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Israel announces daily Gaza 'pause' for aid deliveries

Israel's military said Sunday it would "pause" fighting around a south Gaza route daily to facilitate aid deliveries, following months of warnings of famine in the besieged Palestinian territory.

16 June 2024, MVT 12:18
Children queue with pots to receive food aid from a kitchen at the Abu Zeitun school run by the UN Relief and Works Agency for Palestine Refugees (UNRWA) in the Jabalia camp for Palestinian refugees in the northern Gaza Strip on June 13, 2024 amid the ongoing conflict in the Palestinian territory between Israel and Hamas. (Photo by Omar AL-QATTAA / AFP)
16 June 2024, MVT 12:18

Israel's military said Sunday it would "pause" fighting around a south Gaza route daily to facilitate aid deliveries, following months of warnings of famine in the besieged Palestinian territory.

The announcement of a "local, tactical pause of military activity" during daylight hours in an area of Rafah came a day after eight Israeli soldiers were killed in a blast near the far-southern city and three more troops died elsewhere, in one of the heaviest losses for the army in its war against Hamas.

UN agencies and aid groups have repeatedly sounded the alarm of dire shortages of food and other essentials in the Gaza Strip, exacerbated by overland access restrictions and the closure of the key Rafah crossing with Egypt since Israeli forces seized it in early May.

Israel has long defended its efforts to let aid into Gaza including via its Kerem Shalom border near Rafah, blaming militants for looting supplies and humanitarian workers for failing to distribute them to civilians.

"A local, tactical pause of military activity for humanitarian purposes will take place from 8:00 am (0500 GMT) until 7:00 pm (1600 GMT) every day until further notice along the road that leads from the Kerem Shalom crossing to the Salah al-Din road and then northwards," a military statement said.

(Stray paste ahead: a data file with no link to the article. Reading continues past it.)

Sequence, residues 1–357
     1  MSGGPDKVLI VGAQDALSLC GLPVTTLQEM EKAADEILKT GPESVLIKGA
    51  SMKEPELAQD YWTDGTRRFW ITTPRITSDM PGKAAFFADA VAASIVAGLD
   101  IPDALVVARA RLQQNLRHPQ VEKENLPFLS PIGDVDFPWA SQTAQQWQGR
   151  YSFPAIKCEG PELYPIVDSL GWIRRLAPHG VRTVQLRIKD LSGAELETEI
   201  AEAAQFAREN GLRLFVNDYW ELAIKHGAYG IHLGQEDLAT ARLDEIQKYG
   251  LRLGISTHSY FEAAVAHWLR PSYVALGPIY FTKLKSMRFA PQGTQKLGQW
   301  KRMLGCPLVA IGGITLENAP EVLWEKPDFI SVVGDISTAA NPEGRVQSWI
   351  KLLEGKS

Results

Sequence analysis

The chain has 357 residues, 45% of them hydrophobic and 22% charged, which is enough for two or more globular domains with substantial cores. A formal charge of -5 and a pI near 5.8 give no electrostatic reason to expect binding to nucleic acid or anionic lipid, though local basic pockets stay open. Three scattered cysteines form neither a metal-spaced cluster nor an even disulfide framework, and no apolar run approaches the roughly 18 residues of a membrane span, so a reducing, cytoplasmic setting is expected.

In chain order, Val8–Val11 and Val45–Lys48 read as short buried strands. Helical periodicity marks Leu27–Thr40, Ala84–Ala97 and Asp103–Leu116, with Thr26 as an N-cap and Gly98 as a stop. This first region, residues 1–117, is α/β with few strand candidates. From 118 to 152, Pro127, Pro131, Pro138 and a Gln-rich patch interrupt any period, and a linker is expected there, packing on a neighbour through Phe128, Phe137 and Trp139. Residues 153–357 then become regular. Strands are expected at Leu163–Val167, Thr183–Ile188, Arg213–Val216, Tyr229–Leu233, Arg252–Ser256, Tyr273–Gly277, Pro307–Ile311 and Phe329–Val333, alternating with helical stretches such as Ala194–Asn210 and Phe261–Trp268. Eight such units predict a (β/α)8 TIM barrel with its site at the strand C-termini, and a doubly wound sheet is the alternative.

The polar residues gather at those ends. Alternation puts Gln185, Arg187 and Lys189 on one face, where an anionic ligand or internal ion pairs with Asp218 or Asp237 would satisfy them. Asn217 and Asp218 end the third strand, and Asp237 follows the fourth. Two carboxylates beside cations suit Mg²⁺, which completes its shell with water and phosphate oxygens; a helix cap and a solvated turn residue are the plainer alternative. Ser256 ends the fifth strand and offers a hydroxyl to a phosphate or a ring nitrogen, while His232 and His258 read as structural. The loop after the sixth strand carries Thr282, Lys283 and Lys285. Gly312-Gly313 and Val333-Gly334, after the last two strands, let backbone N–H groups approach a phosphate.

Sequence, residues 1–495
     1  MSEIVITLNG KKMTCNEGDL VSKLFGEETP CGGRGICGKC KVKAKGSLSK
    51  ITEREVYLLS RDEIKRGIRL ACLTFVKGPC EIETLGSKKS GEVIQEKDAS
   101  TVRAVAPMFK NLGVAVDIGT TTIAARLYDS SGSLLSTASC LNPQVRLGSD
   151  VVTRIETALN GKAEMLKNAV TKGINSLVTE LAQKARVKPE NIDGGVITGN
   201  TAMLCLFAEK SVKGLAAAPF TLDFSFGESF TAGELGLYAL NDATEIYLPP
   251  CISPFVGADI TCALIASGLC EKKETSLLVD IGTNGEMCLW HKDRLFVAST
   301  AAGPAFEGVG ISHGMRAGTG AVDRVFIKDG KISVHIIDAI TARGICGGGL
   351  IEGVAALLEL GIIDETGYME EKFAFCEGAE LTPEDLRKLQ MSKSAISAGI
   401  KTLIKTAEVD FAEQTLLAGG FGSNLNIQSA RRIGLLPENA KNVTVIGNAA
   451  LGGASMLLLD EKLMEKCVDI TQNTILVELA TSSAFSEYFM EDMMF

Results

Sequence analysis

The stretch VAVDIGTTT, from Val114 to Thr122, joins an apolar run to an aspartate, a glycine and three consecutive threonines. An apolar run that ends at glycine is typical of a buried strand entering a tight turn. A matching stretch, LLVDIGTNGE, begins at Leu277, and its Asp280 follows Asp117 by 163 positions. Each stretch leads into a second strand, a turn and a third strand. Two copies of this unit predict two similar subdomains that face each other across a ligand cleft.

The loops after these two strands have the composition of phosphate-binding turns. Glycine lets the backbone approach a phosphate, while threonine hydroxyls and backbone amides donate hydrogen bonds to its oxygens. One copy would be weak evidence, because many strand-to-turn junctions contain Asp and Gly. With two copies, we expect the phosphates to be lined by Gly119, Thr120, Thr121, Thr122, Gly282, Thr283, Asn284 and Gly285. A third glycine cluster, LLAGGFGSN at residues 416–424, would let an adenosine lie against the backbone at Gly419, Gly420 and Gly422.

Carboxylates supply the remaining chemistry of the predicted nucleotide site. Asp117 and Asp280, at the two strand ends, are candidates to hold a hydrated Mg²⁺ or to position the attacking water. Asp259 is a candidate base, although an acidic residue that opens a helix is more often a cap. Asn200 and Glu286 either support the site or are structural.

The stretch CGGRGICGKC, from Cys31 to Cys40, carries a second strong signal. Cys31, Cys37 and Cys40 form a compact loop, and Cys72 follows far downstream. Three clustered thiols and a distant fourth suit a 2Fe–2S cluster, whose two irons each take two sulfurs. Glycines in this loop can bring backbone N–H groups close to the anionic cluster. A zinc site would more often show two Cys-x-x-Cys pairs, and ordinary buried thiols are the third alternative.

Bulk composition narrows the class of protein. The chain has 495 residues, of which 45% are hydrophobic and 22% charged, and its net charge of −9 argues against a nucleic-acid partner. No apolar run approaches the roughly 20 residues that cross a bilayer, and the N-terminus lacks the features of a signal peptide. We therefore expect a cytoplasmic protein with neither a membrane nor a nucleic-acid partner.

A map released by the army showed the declared humanitarian route extending until Rafah's European Hospital, about 10 kilometres (six miles) from Kerem Shalom.

AFP correspondents in Gaza said there were no reports of strikes, shelling or fighting on Sunday morning, though the military stressed in a statement there was "no cessation of hostilities in the southern Gaza Strip".

The decision, which the military said was already in effect, was part of efforts to "increase the volumes of humanitarian aid entering the Gaza Strip" following discussions with the UN and other organisations, it said.

The announcement also comes on the eve of the Muslim holiday of Eid al-Adha.

The United States, which has been pressing close ally Israel as well as Hamas to agree to a ceasefire plan laid out by President Joe Biden, on Friday imposed sanctions on an extremist Israeli group for blocking and attacking Gaza-bound aid convoys.

In Gaza City, in the territory's north, "there is nothing left" to eat, said resident Umm Ahmed Abu Rass.

"What is this life?" she told AFP. "There is no fuel, no access to medical treatment... and there is no food or water."

"We want to live."

Israel to 'cling' to war goals

The military said the eight soldiers killed Saturday were hit by an explosion as they were travelling in an armoured vehicle near Rafah, where troops were engaged in fierce street battles against Palestinian militants.